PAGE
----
The fire is gone but we have the light submerges the viewer in the density of Rirkrit Tiravanija’s and Korakrit Arunanondchai’s works. Andrea Inselmann curated the exhibition, which is displayed in the Johnson Museum’s Bartels Gallery and presents the viewer with a few works, each staggering in its detail and uniqueness. The featured artists are separated by 25 years of age, but linked by collaboration — Arunanondchai worked on Tiravanija’s “Untitled 2008-11 (the map of the land of feeling)” — and their affinity for intricate works that fill the gallery with information.
Both artists pour information at the viewer without worrying if she or he will comprehend everything. Rather, the plethora of images in the work matches the intensity and richness of the international world. Tiravanija and Arunanondchai are both Thai artists who have traveled widely, and their works reflect their conceptions of both Thai culture and the international world.
Tiravanija displays the clutter of information that built up over a period of his travel. The three scrolls of “Untitled 2008-11 (the map of the land of feeling)” span three of the Bartels Gallery’s walls and are the product of three years that Tiravanija spent working with over 40 collaborators at Columbia University’s LeRoy Neiman Center for Print Studies.
“Untitled 2008-11” is a carefully constructed jumble. Maps of São Paulo, Shanghai and other cities blend into each other. Sometimes the maps are crisp and complete, sometimes blurred and partial. The first of the work’s three scrolls includes a number of Tiravanija’s journal entries. His notes range from mundane observations — “Canada was bitterly cold” — to dispassionate reminders — “I.C.A. London, Gavin’s (Brown), first curated exhibit after the summer in Venice.” A row of washed-out, pink photocopies of Tiravanija’s passport pages cuts a long line through the middle of the scrolls. Upon first look, it is tempting to see the work as a collection of two decades’ worth of travel paraphernalia.
Tiravanija breaks this temptation with the punctuation of cryptic diagrams and stamped symbols. A flurry of arrows, a series of increasingly rigid geometric designs and crisscrossing straight blue lines reminiscent of Sol Lewitt’s “Wall Drawing 51” are superimposed on a background of maps and journal pages across three scrolls.
“Untitled 2008-11” is an addictive work. The simple details — a carefully itemized recipe or a bureaucratic label (Shipyard, “of Shanghai”) — draw in viewers. I wanted to stay for hours, to read all of the notes and learn Tiravanija’s fragmented memories. Yet much of the work’s meaning is hidden or obscured by the artist’s at-times indecipherable handwriting, unlabeled diagrams and blurred maps.
Tiravanija’s previous works often repurposed the gallery space to foster interaction; he has converted multiple galleries into temporary eating spaces, serving green curry, tom kha gai and pad thai. Tiravanija’s interest in cooking is expressed in “Untitled 2008-11” in the form of recipes and stamps of Thai cookware. The work as a whole, however, turns to remembered, not present, experiences.
Whereas Tiravanija teases the viewer with the promise of entry into his life, Arunanondchai throws the door wide open and broadcasts his fantastical inner monologue. Immediately inside the gallery’s entrance, a bleached denim canvas bearing the gallery’s title sits on the floor. Two denim pillows lie atop the canvas, providing a seating area to view “Painting with history in a room with people with funny names 3.” Further into the gallery, a similar canvas presents a charred log and a sculpture of burnt twigs in place of the Samsung flat screen television playing “Painting with history 3.”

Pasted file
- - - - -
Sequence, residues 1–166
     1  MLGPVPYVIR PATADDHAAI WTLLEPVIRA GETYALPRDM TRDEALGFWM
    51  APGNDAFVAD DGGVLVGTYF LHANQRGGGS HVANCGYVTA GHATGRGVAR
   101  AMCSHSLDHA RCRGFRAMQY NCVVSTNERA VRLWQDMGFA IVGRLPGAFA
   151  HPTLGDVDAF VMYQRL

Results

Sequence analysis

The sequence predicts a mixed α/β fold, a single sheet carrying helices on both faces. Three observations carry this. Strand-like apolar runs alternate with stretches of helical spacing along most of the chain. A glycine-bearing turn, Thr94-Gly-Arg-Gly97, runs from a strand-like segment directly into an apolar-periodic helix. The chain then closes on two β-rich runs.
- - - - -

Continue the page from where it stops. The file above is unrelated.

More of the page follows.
“Please take off your shoes and make yourself comfortable on the pillow,” a wall plaque commands. Once you are nestled into one of the pillows, Arunanondchai instantly sends you rocketing over Thailand’s greenery and cityscapes through drone footage. “Painting with history 3” is an exposition of the raw, resonant power of the cultural and natural realms. Arunanondchai’s Thailand is a nation where technology and pop culture take on powerful spiritual connotations. The artist focuses the film’s narration and images on the way that drone technology affects our ways of seeing. Arunanondchai features a shot of a monkey reaching out to knock down a drone with a stick, but also one of his posse, wearing variations of his signature all-denim outfit, shooting a rap video.
Arunanondchai has been criticized in the past for his unfocused, over-the-top direction and platitudinous narration. The narration of “Painting with history 3” occasionally falls into cliché — “There is no such thing as purity” — but other moments creatively describe technology’s proliferation —“H.D. helps us come closer to the spiritual beings we long to meet.”
At moments, “Untitled 2008-11” and “Painting with history 3” both risk chronicling mundane occurrences. In the end, however, The fire is gone but we have the light imbues the viewer with lasting, peculiar images: Arunanondchai prostrated with a drone hovering a few feet above his chest, cartoon minions edited into a temple’s ornate mural. In the last few feet of “Untitled 2008-11,” blue lines form little, explosive asterisks as Tiravanija’s last journal entry concludes that a group of friends “mistakenly believes that time moved forward in an orderly fashion.” The fire is gone but we have the light is on display until May 29.
Shay Collins is a sophomore in the College of Arts and Sciences. He can be reached at firstname.lastname@example.org.